The sea rolls, boils and bubbles over the rocks off Cape Wrath, a happy linguistic coincidence, the name Wrath being derived from the from Old Norse hvarf , turning point; much like the fastest man on earth being called Bolt and the fallen Bulgarian hurdler, Stambolova.
I have passed through nearby Durness on a number of occasions and walked the beach at Balnakeil but until last week had never completed the journey to Cape Wrath and Robert Stevenson’s lighthouse at the extreme northwest corner of mainland Britain. The trip starts with a half mile ferry across the Kyle of Durness, a rowing boat powered by an outboard, ferryman at the stern, ferrydog at the bow and a handful of passengers squeezed between. From the slipway across the Kyle a well-worn minibus provides a teeth chattering 11 mile drive across a rough road which was built to service construction of the lighthouse in 1828 and has suffered little change since. The first walled section hugs the edge of Beinn An Amair before entering the MOD bombardment range where the road descends to Daill and the bridge built by the army in 1981 to replace the sometime impassable ford.
As the road climbs to Inshore, three target vehicles become visible across the western ridge; two are in standard camouflage and the other is bright pink, courtesy of local schoolchildren who enjoy access to the ranges for natural history and modern art field trips.
The milestones carved by the keepers count down the miles, descending numerically towards the lighthouse, the centre of their world. All are original except number eight which suffered stray artillery damage, the frequent roadside craters providing further evidence of why you would not want to travel this track when the red flags are flying. The range finishes above the Kearvaig river bridge, this original arched construction being only just wide enough to accommodate the rattling minibus.
Beyond the bridge there are views towards the Kearvaig Stack whilst looking back from the old coastguard station above the lighthouse a white bothy can be seen nestling in the bay.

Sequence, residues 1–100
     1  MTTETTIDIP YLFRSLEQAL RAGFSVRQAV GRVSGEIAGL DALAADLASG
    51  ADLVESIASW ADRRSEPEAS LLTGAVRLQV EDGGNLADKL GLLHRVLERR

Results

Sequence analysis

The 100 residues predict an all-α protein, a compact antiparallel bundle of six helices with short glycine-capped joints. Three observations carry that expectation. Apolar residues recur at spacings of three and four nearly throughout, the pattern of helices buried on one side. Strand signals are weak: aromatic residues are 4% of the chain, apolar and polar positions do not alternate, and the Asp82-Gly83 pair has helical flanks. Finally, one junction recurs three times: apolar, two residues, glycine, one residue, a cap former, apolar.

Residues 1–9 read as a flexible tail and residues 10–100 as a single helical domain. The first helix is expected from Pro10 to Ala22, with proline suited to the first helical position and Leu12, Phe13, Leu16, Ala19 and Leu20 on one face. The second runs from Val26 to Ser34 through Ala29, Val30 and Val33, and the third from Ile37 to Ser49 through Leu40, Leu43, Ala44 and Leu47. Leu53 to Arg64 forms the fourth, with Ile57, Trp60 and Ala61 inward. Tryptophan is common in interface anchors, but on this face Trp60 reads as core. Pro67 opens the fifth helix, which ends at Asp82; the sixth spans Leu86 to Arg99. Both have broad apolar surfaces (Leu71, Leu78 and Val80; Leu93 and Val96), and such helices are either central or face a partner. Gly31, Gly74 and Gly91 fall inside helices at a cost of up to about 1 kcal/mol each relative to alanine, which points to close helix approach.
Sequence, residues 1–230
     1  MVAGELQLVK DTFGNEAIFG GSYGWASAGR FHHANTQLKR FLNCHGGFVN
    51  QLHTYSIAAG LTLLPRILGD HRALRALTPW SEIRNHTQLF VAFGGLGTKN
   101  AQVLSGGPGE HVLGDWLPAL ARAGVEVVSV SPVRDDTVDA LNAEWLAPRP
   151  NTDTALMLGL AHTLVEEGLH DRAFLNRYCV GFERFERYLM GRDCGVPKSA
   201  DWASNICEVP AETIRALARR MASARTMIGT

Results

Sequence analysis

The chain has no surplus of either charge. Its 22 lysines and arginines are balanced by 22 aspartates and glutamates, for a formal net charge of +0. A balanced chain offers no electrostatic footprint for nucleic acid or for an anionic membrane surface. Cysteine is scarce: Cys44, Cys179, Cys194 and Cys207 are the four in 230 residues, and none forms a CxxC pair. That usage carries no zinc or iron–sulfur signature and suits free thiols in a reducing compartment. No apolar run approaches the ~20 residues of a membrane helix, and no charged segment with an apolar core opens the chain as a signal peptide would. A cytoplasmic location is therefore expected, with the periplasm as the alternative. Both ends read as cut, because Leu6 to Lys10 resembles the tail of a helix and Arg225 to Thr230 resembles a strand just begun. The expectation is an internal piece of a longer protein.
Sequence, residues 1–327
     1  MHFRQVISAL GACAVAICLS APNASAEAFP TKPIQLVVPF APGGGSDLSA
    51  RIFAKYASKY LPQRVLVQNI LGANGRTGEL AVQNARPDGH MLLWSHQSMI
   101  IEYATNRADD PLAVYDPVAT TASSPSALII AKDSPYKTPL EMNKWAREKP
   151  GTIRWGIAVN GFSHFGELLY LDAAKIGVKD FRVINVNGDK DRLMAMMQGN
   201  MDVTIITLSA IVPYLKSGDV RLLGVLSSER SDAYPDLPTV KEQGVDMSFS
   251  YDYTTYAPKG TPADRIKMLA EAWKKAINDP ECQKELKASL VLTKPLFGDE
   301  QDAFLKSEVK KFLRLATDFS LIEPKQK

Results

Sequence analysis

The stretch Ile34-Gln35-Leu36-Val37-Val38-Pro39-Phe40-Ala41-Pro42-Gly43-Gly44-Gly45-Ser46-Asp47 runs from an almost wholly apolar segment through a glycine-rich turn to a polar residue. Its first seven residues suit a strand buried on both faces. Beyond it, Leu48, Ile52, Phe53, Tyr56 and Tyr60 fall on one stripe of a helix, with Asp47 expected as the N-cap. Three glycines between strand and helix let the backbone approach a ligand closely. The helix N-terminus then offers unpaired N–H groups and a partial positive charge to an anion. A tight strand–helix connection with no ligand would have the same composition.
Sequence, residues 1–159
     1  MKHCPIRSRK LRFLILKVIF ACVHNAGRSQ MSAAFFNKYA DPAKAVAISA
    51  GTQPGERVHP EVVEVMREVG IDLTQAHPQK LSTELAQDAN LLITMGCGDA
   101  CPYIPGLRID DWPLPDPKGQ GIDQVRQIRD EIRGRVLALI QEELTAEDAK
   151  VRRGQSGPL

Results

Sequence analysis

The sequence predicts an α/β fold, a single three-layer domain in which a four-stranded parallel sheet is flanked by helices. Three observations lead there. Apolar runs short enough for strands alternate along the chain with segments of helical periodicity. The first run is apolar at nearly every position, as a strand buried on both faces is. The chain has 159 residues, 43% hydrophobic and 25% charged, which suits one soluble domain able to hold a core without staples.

Sadly the lighthouse is now fully automated although not entirely deserted. The Ozone café remains open throughout the year, possibly the loneliest outpost anywhere on the British mainland; not somewhere I would feel entirely at ease through the long dark nights. Wild and empty the landscape may be but it is far from quiet; there is the constant noise of the sea and gulls, on firing days the sound of heavy munitions and on some days the scream of low flying jets as NATO allies practice bombing runs on the islands off the coast, occasionally the right ones. Walk out beyond the lighthouse and there is evidence of yet more noise, the now abandoned foghorn. Imagine this blasting into the dark night; enough to summon the dead souls of sailors washed up on the haunted beach of Sandwood Bay just down the coast. Bustling civilisation has its compensations.
Down to the left of the foghorn lay the rusted remains of capstans, cogs and pulleys, evidence that there was once an intention to move the lighthouse onto lower rocks where it would less likely be obscured by fog. A rusted name plate attributes manufacture to Taylor Pallister & Co Ltd, Dunston on Tyne, not that far from where this journey started in August 2011, a golfing pilgrimage that began in earnest on the first tee at Melrose and ended one year later on the eighteenth green at Durness. That journey was about Golf in the Wild and will be a little longer in the telling.